I have sheared hundreds of Corriedale sheepskins in geometrical patterns (lines, squares), working in a shearing shed at Gundowringa, a sheep farm in New South Wales, Australia. I came there to hire a professional Shearer, but not finding one available, took upon me the learning of such male traditional Australian skill.

The smell of more than a hundred years of sheep faeces and urine, plus the sweet smell of the lanolin of the wool, provided the atmosphere I walked into every day to work 12 hour a day for weeks of continuous shearing. I am an expert now, and practiced on my first live sheep towards the end of my stay at Gundowringa.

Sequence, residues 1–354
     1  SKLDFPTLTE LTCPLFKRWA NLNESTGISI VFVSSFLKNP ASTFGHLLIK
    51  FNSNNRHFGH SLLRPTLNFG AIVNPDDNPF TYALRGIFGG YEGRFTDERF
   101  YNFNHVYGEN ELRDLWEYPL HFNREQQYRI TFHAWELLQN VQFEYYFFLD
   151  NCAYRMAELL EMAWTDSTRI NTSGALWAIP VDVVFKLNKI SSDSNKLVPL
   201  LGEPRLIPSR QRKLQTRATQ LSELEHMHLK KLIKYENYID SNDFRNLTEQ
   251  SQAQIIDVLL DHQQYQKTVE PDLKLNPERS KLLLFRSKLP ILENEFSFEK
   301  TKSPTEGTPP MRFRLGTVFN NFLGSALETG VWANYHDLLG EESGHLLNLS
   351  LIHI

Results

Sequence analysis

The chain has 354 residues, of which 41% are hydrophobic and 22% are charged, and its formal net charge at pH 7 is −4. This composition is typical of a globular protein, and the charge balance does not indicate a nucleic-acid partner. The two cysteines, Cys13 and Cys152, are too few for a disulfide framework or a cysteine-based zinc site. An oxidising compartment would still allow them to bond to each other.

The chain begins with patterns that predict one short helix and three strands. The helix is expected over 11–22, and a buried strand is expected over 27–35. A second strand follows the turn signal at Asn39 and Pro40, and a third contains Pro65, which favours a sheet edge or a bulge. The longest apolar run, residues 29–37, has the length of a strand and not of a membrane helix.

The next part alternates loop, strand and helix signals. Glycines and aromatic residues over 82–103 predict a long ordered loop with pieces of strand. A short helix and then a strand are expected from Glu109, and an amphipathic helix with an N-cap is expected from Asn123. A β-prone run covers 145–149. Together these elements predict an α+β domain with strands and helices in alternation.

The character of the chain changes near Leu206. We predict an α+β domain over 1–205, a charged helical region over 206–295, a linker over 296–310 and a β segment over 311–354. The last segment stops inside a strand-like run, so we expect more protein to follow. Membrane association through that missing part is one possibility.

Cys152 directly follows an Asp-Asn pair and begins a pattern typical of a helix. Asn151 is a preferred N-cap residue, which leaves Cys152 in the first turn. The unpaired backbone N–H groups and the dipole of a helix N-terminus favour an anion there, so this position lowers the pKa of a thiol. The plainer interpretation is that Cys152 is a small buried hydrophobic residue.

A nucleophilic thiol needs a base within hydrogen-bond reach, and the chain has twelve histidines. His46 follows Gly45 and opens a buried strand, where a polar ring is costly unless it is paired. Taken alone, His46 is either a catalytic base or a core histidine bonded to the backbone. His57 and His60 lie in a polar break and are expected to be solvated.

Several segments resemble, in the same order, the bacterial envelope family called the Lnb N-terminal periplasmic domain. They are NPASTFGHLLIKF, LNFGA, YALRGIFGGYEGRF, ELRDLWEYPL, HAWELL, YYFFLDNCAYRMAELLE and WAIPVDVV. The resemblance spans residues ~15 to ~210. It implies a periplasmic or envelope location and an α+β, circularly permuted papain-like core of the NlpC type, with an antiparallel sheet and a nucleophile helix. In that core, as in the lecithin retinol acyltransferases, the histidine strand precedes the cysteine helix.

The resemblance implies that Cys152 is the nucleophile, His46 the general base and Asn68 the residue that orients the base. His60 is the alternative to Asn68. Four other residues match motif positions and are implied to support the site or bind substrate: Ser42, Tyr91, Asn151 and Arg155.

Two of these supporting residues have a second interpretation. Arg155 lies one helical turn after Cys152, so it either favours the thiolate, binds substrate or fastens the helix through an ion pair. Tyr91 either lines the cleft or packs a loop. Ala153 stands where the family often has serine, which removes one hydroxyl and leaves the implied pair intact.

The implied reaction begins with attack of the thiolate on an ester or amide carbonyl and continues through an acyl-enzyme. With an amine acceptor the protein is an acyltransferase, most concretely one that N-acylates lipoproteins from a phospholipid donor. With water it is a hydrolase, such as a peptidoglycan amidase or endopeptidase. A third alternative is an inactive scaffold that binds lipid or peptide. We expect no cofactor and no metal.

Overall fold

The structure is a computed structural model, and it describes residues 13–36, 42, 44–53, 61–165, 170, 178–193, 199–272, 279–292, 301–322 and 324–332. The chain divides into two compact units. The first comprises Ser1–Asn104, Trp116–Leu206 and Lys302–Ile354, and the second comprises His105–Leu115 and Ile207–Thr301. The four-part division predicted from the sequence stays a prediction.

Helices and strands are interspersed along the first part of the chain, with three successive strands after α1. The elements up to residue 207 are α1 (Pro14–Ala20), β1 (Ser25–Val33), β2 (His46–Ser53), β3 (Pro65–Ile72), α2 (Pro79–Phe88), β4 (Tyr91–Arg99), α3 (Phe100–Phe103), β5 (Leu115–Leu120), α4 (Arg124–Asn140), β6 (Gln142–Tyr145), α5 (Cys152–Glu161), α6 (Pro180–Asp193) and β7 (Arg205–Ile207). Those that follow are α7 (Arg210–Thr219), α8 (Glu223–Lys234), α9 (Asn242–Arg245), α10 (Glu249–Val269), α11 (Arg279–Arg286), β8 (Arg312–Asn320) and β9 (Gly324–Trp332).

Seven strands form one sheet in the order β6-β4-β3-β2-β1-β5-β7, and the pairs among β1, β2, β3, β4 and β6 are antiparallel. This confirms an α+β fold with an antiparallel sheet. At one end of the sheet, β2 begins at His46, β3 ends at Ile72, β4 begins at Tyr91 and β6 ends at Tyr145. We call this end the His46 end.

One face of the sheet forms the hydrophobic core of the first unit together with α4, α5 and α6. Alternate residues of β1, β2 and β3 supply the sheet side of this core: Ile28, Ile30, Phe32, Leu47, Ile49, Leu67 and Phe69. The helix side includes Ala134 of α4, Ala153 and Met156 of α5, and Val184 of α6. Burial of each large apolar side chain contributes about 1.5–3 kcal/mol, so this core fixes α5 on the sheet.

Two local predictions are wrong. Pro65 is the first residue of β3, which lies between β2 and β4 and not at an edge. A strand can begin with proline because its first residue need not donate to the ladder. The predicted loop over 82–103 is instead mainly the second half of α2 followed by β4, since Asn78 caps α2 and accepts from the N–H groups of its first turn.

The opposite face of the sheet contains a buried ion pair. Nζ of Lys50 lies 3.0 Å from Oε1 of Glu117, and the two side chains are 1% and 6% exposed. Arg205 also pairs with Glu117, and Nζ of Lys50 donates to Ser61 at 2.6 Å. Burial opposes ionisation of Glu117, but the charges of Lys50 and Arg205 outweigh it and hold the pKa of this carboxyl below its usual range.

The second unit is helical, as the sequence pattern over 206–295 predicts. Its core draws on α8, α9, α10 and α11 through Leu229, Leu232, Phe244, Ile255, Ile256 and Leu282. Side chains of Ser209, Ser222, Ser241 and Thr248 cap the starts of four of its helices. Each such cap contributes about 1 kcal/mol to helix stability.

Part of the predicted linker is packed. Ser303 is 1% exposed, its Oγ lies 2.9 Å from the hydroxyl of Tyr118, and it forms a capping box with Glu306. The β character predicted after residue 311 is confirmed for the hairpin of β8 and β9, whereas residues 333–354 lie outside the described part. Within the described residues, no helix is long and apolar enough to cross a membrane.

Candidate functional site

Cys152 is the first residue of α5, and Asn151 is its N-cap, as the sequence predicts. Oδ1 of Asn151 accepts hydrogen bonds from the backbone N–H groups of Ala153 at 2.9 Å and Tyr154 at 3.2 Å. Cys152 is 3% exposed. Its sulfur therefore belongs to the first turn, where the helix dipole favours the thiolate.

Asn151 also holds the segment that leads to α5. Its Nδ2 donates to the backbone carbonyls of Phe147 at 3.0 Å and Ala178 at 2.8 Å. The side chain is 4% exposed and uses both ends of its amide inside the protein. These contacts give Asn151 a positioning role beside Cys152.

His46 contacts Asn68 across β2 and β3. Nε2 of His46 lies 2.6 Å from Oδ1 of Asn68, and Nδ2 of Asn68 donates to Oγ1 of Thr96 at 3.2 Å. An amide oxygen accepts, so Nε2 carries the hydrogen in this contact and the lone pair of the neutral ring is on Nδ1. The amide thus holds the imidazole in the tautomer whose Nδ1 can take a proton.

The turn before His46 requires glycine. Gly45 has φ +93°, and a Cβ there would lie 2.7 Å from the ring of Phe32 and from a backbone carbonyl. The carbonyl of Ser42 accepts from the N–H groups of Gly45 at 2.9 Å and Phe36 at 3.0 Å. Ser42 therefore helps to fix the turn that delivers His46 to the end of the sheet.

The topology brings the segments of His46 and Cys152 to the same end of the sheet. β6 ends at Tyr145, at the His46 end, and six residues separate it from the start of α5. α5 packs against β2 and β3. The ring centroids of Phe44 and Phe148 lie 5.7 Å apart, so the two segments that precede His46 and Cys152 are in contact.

I dyed the sheepskins in earthly and warm colours, to create an orange mural, a yellow mural, and a deep red mural. They look a little bit absurd, with a material as amorphous as wool taking on stripe and square designs.

There are a lot of similarities between Australian and Latin American countries like Argentina, Uruguay, Paraguay, which relied on cattle and sheep as a main source of wealth and job creation in the countryside. But the wool market has been shrinking steadily for decades now (replaced by artificial fibres), leaving a void of unemployment and despair in the countryside.